Nolan Ryan saved the Texas Rangers in the early '90s, when the Texas icon's pitching prowess gave the club credibility.
Hired in 2008 as president of the Rangers, Ryan came to the rescue again when he teamed with Chuck Greenberg in 2010 to save the franchise from bankruptcy and buy it from Tom Hicks. In the process, he put together a dynamic ownership group with billionaires Ray Davis and Bob Simpson serving as co-chairmen.
The point: We all know Ryan's importance to the Rangers.
You can't write this franchise's story without several chapters about Ryan's contributions.
That said, there's nothing wrong with ownership putting additional trust and responsibility in Jon Daniels and the men he deems most valuable to the franchise's long-term success.
The Rangers named Daniels president of baseball operations Friday, which sets up nicely for assistant general manager Thad Levine to eventually become the GM, and A.J. Preller, senior director of player personnel, can continue finding players all over the globe.
In the process, Ryan appears to have had some of his power usurped, although he remains the club's CEO.
No matter how we spin it, this is JD's organization -- and that's how it should be. Don't forget, Greenberg resigned seven months after he helped save the franchise. The Rangers have survived front office discord before, and they will again.
Now, Ryan has lost a little authority. Frankly, it makes sense.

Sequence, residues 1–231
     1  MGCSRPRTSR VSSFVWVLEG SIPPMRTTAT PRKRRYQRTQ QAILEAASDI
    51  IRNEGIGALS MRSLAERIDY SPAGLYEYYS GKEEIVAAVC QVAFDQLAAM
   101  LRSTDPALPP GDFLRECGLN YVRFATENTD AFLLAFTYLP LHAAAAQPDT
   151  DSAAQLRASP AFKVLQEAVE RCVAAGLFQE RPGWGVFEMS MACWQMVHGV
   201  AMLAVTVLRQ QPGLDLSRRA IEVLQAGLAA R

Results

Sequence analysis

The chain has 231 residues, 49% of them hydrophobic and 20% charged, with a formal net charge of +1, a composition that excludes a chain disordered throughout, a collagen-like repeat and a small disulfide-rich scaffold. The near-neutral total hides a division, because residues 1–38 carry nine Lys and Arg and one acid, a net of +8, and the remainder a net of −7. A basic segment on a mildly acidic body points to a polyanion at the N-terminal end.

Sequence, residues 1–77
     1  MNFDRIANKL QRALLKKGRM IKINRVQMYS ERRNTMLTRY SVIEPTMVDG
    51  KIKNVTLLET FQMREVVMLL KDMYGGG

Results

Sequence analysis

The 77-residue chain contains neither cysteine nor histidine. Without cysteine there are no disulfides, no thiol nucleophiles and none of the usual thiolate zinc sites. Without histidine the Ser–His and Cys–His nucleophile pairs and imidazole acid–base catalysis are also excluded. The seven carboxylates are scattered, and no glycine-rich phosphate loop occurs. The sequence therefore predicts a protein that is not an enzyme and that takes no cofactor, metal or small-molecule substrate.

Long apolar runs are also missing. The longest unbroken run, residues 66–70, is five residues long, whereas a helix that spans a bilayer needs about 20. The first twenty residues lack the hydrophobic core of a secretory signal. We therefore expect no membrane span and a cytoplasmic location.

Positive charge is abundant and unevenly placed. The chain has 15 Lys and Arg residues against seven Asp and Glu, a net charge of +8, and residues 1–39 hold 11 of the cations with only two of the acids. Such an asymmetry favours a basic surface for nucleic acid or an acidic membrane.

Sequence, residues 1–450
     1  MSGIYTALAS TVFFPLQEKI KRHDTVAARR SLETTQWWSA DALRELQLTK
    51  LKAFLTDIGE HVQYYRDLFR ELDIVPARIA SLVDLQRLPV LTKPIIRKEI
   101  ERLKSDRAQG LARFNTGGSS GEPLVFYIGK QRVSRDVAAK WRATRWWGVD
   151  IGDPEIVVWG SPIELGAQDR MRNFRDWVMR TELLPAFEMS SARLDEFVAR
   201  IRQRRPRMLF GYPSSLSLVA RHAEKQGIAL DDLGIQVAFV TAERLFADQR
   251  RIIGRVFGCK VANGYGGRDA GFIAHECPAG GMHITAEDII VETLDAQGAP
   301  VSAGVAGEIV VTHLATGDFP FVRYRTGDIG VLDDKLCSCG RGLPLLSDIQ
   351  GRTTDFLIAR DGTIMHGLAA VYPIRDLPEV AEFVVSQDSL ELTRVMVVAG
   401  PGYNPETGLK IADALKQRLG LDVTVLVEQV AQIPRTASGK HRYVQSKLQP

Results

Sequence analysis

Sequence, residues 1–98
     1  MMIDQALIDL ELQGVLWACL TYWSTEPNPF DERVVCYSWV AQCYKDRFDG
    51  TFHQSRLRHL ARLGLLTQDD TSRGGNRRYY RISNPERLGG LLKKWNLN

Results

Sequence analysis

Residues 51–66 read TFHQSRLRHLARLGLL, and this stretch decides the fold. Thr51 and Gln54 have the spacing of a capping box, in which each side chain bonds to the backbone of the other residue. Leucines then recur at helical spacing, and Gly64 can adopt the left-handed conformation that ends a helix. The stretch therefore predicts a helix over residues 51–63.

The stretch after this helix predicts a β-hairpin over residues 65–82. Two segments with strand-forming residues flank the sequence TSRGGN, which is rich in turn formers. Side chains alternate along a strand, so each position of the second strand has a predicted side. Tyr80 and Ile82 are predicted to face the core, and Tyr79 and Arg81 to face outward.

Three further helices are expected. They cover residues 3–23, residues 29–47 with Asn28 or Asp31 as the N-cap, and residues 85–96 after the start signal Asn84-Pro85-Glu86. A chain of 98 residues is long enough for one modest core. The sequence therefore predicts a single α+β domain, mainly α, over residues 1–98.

JD is 35. So is Preller. Levine is 41. Ryan is 66.
It's not that Ryan is too old to continue making a significant contribution to the organization. His credibility is second to none in MLB, but the reality is his age makes Ryan's role a year-to-year proposition.
And if you have to choose between having a terrific 66-year-old run an organization and three terrific guys -- none of whom is older than 41 -- you have to bet on youth every time.
That's just how the business works.
As much as Ryan has done for the Rangers, JD has made the vast majority of key moves that helped the Rangers advance to the World Series two of the past three seasons.
Still, Ryan holds a vital role in this organization.
He brought pitching coach Mike Maddux and Tim Purpura, senior director of player development, to the Rangers.
He also brought a mindset to the Rangers. It was Ryan's idea to institute an organization-wide strategy that would give pitchers the physical stamina and mental resolve to consistently pitch deep into games.
The "jet stream" and heat in August and September are no longer acceptable excuses for failing to pitch well.
More important, Ryan is the sage voice of reason.
He comes from the perspective of a former player, and that's good. It's not the most important aspect of management, but it matters.
Ryan makes JD and Levine consider things from a different perspective, which is good. Too many like-minded people eventually leads to disaster.
Ryan can still do all of that in a slightly different role, but it will require not giving in to his ego.
Hey, we all have egos; there's no shame in it. But Ryan is no different from any of us. Any change in his title is going to be disappointing -- even if the logic makes sense.
Change is always difficult, and it doesn't matter whether we're talking about giving up cigarettes, creating new eating habits or following a workout regime.
If it were easy, as mama used to say, everyone would change.
The Rangers' goal has never been to just win a championship. JD has always said the Rangers want to have a 15-year window as a contending club.
A stable ownership group and front office is the best way to achieve that -- and if that means a Texas icon must take a lesser role for it to happen, that's what must occur.